There’s a Simpsons episode where Homer happens upon an overturned sugar truck in the middle of the road. He and Bart shovel the pile into the back of the car and Homer decides to run a sugar business from his backyard. America’s giant sweet tooth is illustrated in Homer’s Cuban-accented soliloquy, “In America, first you get the sugar, then you get the power, then you get the women.” (A line borrowed from the Al Pacino drama, Scarface.)
Our obsession with sugar is seen on the aisles of packaged cookies, breads, cereals, canned vegetables. Heck, just about every processed food. But it isn’t just American food that’s injected with sugar; in Asian cuisine, it is an important ingredient used in savory dishes to enhance the flavors of fish, seafood, meats and vegetables. Americans might not sprinkle a tablespoon of granulated sugar onto their rib eyes, but the Chinese add sugar to their beef stir-fries.
With the exception of Japanese food, most Asian cuisines use sugar profusely in their cooking. Thai food tops the list for sweetness. Everything from pad thai to grilled shrimp has that ingredient that makes Thai food so distinctive — sugar.
In Thai cooking, palm sugar or coconut sugar is used instead of traditional cane sugar. Sap is collected from the trees, boiled in woks and reduced to a sticky sugar. This is then whipped and dropped into containers or cellophane to set. The end result varies since cooking times are different: The product can be either beige or dark brown, soft or hard. Palm sugar has a darker color and carries a smokier aroma, while coconut sugar is lighter, but both can be used interchangeably in recipes.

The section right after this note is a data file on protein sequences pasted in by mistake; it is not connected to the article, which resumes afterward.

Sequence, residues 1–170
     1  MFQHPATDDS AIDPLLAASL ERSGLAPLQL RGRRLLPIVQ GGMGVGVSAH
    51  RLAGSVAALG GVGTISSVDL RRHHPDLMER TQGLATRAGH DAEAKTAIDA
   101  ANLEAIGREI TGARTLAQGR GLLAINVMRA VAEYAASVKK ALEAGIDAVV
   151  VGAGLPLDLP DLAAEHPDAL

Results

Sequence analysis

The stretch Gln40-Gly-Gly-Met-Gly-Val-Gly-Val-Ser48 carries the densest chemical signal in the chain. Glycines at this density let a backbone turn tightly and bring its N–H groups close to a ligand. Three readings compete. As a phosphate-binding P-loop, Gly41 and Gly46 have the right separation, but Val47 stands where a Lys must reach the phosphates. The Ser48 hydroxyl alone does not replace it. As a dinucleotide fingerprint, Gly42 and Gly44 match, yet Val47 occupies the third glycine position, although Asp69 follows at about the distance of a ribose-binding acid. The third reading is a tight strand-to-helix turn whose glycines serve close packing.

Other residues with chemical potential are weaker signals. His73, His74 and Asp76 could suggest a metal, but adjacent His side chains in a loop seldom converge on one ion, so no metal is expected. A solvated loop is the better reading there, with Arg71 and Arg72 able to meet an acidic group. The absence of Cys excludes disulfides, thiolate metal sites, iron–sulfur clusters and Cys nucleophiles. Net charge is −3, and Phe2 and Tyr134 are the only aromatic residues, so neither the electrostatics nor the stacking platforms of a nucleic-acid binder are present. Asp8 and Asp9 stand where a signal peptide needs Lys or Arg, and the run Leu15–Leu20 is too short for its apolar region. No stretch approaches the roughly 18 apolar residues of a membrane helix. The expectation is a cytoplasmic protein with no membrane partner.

Knowing about the high sugar content in Thai food, I still enjoy a good Thai meal now and then, and at Janya Thai Kitchen in lower Pacific Heights, you can sample delicious, albeit sweet, Thai dishes.
Remember those feet walking by on Cheer’s? Well, that’s the kind of scene you get at Janya. The dining room is below street level, but not so much that you feel like you’re eating in a cave. The charming, earthy dining room is lit and heated by the sun, while fresh roses adorn linen-covered tables. The comfortable environment is also enhanced by the friendly staff and exceptional service.
My taste buds got a jumpstart from the contrasting flavors of Mieng Kum ($6.95). Uniformly minced ginger, jalapeno peppers, red onions, lemon, roasted peanuts, toasted coconut and dried shrimp were served with raw spinach on a wooden palette-like dish. All the ingredients are rolled up in a spinach leaf and drizzled with a tangy sauce made of shrimp paste, ground peanuts, garlic, onions and fish sauce. The lemon rind was refreshing for a warm night, and the dried shrimp and toasted coconut was an unexpected but nice surprise.
Garlic Salmon ($10.95) featured a grilled marinated salmon fillet with minced garlic, red pepper and basil wrapped in banana leaves and served with a sweet and spicy lemon garlic sauce. Crisp, sautéed broccoli, onions, carrots and red bell peppers were served on the side and complemented the delicate fish, which was cooked perfectly.
I was a bit disappointed with the Goong Ma Kuer ($8.95), prawns sautéed with eggplant, chili, garlic, red bell peppers and sweet basil, because several of the prawns weren’t very fresh. The first one I popped into my mouth bursted with flavor, but later, I ate one that was soft and mealy. Aside from the prawns, the eggplant was creamy yet firm, and the dish wasn’t swimming in a pool of oil.
A must-have is the fragrant and addictive Pumpkin Curry ($7.95), which had slices of tender chicken breast, cubes of sweet and velvety pumpkin (my guess is kabocha squash) and basil leaves swimming in red, coconut milk-infused curry sauce. This dish was amazing. The flavors were perfectly balanced between the fragrant coconut milk and sweet pumpkin. If you’re going to save your calories and carbs for a splurge, save it for this dish.
If you have Thai food for lunch or dinner, don’t go having a handful of cookies or a chocolate bar an hour later. Moderation is key and a little bit of sugar goes a long way.
Janya Thai Kitchen
1494 California St. (at Larkin St.)
San Francisco, CA 94109
Hours: Lunch: Mon. – Tues; Thu. – Sat.: 11:30 a.m. – 4 p.m.;
Dinner: Sun. – Thu.: 4 p.m. – 10 p.m.; Fri. – Sat.: 4 p.m. – 10:30 p.m.
Prices: Appetizers: $4.95 – $8.95; soups and salads: $5.95 – $8.95; entrees: $5.50 –$10.95
Credit cards accepted.